Protesting Kazakh oilworkers condemn shootings

* Fourth day of protest smaller, but signals wider discontent

* Protesters ask who gave police orders to fire on demonstrations

AKTAU, Kazakhstan, Dec 20 (Reuters) - Sacked oil workers in Kazakhstan demanded on Tuesday to know who ordered police to fire on protesters during clashes that killed at least 15 people in the Central Asian state’s worst violence in decades.

About 100 demonstrators, braving frost and strong winds, confronted dozens of riot police in Aktau, capital of the western, oil-producing Mangistau region where protests in two nearby towns have turned into bloody clashes in recent days.

Violence have not spread beyond the region but political analysts say the protests suggest that broader public pressure is mounting for President Nursultan Nazarbayev to relax the authoritarian system he has built up since Soviet times.

“We demand to know: Who gave the order to shoot at oil workers?” said Nurzhan Imangaliyev, 27, who was laid off by oil company Karazhanbasmunai (KBM) in May after he and thousands of others joined a strike across Mangistau to demand higher wages.

“Why did our relatives die as a result of a peaceful, social argument?”

On the first working day after four days of public holiday, the rally was smaller than those over the long weekend, when about 500 protesters had gathered daily in Aktau’s Concord Square.

Many of the protesters took shelter from biting wind against the walls of a Soviet-era apartment block under a poster of Kazakhstan’s futuristic new capital Astana, a prestige project for Nazarbayev, a former member of the Soviet Communist Politburo who has run Kazakhstan for more than two decades.

At least 14 people were killed in clashes between oil workers and police in the oil town of Zhanaozen on Dec. 16, the 20th anniversary of Kazakhstan’s independence from Moscow. Another was killed in the nearby village of Shetpe on Dec. 17.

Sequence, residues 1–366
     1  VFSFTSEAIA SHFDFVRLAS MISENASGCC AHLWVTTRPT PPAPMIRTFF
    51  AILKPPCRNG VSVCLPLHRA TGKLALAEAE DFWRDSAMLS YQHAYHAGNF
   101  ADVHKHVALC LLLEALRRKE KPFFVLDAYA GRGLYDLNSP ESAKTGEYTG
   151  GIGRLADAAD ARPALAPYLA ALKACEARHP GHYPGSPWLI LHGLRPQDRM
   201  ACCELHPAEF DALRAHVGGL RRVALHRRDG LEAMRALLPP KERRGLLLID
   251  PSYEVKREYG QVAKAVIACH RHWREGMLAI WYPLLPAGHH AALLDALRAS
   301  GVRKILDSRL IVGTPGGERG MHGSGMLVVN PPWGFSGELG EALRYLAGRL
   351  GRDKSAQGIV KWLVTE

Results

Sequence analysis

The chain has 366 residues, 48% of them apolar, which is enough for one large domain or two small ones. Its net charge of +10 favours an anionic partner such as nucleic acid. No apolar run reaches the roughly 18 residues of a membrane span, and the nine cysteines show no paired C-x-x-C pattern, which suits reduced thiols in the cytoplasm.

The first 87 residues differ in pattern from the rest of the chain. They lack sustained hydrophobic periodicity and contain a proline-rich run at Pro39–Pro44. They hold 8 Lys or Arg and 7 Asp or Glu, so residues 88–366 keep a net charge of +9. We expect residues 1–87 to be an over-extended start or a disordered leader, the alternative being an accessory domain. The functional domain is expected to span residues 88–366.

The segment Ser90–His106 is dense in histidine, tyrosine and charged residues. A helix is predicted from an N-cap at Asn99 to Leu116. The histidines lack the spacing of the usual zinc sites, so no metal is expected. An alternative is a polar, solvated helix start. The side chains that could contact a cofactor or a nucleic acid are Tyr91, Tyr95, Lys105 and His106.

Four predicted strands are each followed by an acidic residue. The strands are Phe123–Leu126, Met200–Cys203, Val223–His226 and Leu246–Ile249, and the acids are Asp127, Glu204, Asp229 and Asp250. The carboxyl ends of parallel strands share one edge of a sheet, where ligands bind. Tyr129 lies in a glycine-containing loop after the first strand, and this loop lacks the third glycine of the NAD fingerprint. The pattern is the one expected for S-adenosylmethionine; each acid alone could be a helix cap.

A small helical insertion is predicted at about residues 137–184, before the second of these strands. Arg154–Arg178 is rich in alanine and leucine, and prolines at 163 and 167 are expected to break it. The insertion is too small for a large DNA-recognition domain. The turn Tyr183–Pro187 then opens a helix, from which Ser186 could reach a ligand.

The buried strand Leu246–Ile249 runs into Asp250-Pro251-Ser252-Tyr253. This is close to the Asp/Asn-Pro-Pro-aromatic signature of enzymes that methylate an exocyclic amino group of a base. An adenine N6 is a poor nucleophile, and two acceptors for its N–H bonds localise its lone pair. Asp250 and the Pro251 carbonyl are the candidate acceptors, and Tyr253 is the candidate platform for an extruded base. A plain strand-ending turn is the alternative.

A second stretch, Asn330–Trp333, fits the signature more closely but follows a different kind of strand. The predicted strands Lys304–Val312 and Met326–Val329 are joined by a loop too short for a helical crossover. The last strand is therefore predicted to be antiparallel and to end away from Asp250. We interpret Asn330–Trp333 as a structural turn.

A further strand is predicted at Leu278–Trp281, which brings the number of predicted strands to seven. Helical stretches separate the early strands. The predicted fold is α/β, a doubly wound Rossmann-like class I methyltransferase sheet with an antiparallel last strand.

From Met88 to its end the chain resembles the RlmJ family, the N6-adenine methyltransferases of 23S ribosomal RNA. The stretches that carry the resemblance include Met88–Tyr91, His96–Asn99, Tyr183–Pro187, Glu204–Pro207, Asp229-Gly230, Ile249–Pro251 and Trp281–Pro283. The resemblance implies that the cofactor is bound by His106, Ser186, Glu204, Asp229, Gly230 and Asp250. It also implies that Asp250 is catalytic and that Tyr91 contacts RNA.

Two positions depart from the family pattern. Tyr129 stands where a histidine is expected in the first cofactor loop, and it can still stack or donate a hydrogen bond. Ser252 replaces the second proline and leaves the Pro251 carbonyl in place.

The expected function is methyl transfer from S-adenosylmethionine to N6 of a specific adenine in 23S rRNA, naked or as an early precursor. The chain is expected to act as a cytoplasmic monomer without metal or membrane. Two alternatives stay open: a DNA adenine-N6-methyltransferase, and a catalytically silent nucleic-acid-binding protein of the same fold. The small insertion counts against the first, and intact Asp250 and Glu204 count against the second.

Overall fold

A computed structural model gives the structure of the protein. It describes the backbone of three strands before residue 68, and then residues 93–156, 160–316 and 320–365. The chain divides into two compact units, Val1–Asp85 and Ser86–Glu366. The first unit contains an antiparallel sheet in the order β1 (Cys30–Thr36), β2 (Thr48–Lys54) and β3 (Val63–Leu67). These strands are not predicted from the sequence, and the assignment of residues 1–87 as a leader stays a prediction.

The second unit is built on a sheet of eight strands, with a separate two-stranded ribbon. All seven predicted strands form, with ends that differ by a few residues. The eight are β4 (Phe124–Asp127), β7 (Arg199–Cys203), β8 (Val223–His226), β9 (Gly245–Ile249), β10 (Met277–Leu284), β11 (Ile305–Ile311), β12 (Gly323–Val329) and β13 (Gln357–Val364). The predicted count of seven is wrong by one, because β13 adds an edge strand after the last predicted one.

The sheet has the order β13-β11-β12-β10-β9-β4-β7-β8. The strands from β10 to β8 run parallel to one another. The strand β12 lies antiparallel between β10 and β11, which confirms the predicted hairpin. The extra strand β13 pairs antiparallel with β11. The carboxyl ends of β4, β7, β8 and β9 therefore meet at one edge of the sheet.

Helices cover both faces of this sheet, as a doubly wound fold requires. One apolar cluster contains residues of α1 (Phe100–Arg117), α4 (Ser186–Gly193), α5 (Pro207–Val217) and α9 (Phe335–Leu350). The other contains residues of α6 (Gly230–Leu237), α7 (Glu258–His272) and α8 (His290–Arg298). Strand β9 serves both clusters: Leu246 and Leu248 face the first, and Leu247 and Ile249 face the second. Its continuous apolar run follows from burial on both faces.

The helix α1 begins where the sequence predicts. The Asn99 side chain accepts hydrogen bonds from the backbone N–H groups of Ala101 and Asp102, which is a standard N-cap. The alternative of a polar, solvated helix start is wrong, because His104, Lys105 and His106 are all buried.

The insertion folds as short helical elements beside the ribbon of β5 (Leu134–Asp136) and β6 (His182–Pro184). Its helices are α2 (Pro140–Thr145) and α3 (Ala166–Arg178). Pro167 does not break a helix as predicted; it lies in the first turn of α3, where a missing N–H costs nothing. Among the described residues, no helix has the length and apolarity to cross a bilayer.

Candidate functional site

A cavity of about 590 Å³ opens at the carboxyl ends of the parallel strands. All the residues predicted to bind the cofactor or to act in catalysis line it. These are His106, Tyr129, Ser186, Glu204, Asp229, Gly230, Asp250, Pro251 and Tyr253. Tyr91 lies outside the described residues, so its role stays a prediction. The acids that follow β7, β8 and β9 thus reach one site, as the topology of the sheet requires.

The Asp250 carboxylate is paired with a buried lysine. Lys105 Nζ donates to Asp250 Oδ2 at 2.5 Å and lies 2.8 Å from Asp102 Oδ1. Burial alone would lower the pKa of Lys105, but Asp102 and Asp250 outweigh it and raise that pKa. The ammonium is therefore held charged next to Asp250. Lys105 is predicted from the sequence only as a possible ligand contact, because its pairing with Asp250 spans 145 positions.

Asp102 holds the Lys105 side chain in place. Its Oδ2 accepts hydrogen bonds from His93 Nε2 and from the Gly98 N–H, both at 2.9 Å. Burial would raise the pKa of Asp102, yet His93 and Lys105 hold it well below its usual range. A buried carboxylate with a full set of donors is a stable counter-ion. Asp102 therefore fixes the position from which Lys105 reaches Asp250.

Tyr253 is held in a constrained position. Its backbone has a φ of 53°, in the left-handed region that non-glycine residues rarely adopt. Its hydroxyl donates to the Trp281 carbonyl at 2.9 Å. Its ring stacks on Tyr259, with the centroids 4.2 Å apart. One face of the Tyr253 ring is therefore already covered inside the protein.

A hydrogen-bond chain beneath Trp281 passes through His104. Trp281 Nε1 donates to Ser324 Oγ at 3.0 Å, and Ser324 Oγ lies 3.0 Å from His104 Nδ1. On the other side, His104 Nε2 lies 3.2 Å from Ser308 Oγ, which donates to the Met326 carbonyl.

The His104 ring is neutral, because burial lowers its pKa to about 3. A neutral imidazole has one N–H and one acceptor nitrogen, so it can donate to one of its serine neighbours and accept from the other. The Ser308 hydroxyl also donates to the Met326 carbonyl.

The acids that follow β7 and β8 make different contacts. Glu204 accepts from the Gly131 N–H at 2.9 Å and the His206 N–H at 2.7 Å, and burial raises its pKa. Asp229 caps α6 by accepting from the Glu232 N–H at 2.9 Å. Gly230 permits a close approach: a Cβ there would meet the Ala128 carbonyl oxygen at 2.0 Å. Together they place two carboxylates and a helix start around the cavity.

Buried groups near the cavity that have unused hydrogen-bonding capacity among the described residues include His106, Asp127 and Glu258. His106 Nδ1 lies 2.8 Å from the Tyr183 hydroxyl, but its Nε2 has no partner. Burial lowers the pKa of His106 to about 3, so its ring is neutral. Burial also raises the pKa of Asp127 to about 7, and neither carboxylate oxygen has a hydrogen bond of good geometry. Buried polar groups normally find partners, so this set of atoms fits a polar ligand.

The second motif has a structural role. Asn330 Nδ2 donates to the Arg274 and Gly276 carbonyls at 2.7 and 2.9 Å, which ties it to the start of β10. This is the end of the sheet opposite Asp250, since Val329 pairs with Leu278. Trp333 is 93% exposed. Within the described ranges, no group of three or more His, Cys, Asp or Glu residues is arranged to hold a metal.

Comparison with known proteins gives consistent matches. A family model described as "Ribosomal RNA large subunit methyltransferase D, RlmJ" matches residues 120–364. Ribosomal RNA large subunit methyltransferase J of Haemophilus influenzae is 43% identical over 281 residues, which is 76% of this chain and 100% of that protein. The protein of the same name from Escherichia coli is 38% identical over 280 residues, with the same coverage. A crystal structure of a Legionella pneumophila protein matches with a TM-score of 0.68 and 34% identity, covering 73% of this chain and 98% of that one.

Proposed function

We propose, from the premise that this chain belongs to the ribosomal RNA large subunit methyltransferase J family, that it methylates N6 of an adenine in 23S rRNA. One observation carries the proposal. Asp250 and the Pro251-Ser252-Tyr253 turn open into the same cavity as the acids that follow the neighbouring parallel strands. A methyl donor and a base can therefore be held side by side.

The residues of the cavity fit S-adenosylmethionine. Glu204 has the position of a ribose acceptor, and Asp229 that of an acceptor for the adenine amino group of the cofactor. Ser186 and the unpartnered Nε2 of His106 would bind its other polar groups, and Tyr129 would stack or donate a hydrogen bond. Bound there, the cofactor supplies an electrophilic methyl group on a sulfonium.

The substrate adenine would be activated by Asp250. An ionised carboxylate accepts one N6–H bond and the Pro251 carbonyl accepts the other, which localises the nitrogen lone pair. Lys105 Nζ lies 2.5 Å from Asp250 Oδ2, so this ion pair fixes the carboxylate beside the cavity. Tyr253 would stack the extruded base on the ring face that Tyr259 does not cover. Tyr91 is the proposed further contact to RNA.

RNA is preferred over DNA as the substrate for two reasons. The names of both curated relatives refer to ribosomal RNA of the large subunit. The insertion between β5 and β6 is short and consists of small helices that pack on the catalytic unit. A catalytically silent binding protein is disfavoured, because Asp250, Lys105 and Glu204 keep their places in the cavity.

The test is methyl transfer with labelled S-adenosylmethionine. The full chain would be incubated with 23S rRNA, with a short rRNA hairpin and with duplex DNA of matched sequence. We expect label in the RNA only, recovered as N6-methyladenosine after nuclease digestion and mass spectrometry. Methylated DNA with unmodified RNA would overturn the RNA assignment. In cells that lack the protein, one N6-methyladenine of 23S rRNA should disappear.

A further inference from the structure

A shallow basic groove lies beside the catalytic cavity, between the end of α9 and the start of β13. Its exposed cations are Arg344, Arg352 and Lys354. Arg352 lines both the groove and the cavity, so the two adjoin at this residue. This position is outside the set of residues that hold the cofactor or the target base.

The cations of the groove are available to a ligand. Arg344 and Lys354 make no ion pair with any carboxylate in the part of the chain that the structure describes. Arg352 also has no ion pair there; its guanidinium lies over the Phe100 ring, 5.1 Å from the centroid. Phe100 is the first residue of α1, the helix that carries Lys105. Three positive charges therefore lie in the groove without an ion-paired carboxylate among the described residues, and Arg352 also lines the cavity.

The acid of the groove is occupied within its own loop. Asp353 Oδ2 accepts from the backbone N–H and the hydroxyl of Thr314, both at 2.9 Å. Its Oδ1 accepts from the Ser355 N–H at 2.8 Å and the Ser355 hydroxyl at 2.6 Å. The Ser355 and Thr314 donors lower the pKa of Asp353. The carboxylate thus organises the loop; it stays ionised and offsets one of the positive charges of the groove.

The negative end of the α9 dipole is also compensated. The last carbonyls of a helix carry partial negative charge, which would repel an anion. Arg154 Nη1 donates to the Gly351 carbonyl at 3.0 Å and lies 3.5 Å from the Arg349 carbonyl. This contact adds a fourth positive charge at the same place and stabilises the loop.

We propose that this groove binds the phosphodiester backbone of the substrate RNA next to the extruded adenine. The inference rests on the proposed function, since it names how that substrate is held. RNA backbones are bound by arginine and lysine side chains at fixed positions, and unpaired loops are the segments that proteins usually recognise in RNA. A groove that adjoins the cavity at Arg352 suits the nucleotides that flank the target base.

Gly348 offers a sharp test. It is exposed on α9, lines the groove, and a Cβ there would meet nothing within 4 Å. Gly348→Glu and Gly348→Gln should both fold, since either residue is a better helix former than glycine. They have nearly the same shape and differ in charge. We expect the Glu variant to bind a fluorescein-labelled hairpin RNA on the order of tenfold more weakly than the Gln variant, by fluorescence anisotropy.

The Kazakh authorities have said police only opened fire after being attacked by “criminal elements” or “hooligans” and that the lives of civilians were threatened.


Kazakh Interior Minister Kalmukhanbet Kasymov told a government meeting on Tuesday that 110 people had been wounded in the clashes, including 17 police officers.

Nazarbayev, a 71-year-old former steelworker who declared a state of emergency in Zhanaozen, has blamed “hooligans and criminal elements” for violence in which he said 46 buildings had been damaged. Private houses, shops and banks, as well as cars and buses were torched, and bank ATM machines were looted.

Movement is now limited in and around Zhanaozen, where a curfew is in force. Reuters journalists who travelled to Zhanaozen with a police escort on Monday saw armoured personnel carriers and riot police patrolling the town of 90,000 people.

In Aktau on Tuesday, Talgat Imambayev, 38, said telephone contact with his family in Zhanaozen appeared to have been cut: “We want to be in touch with Zhanaozen. I myself don’t know if my relatives are alive or dead.”

The Kazakh prosecutor-general’s office said in a statement on Tuesday: “The situation in the cities of Zhanaozen, Aktau and the village of Shetpe, as well as in general in the region is stable and under the control of law enforcement bodies.”

Despite the small number of protesters in Aktau, the daily rallies signal that a pocket of dissent has developed. Nazarbayev enjoys sweeping powers and brooks no opposition. One of his aides said this week there was no risk of an “Arab-style revolution” because Kazakhs supported the president.

In Aktau, not everyone agrees.

“Oil is slavery. Here, there is no democracy,” said Baurzhan, another of the sacked strikers from oil firm KBM, which is jointly owned by London-listed KazMunaiGas Exploration Production and CITIC, China’s biggest state investment company.

Another laid-off oil worker, a father of four who declined to give his name, said: “They say hooligans did this, but if you hadn’t been paid for seven months then you would think about raiding an ATM. The oil workers have mouths to feed.”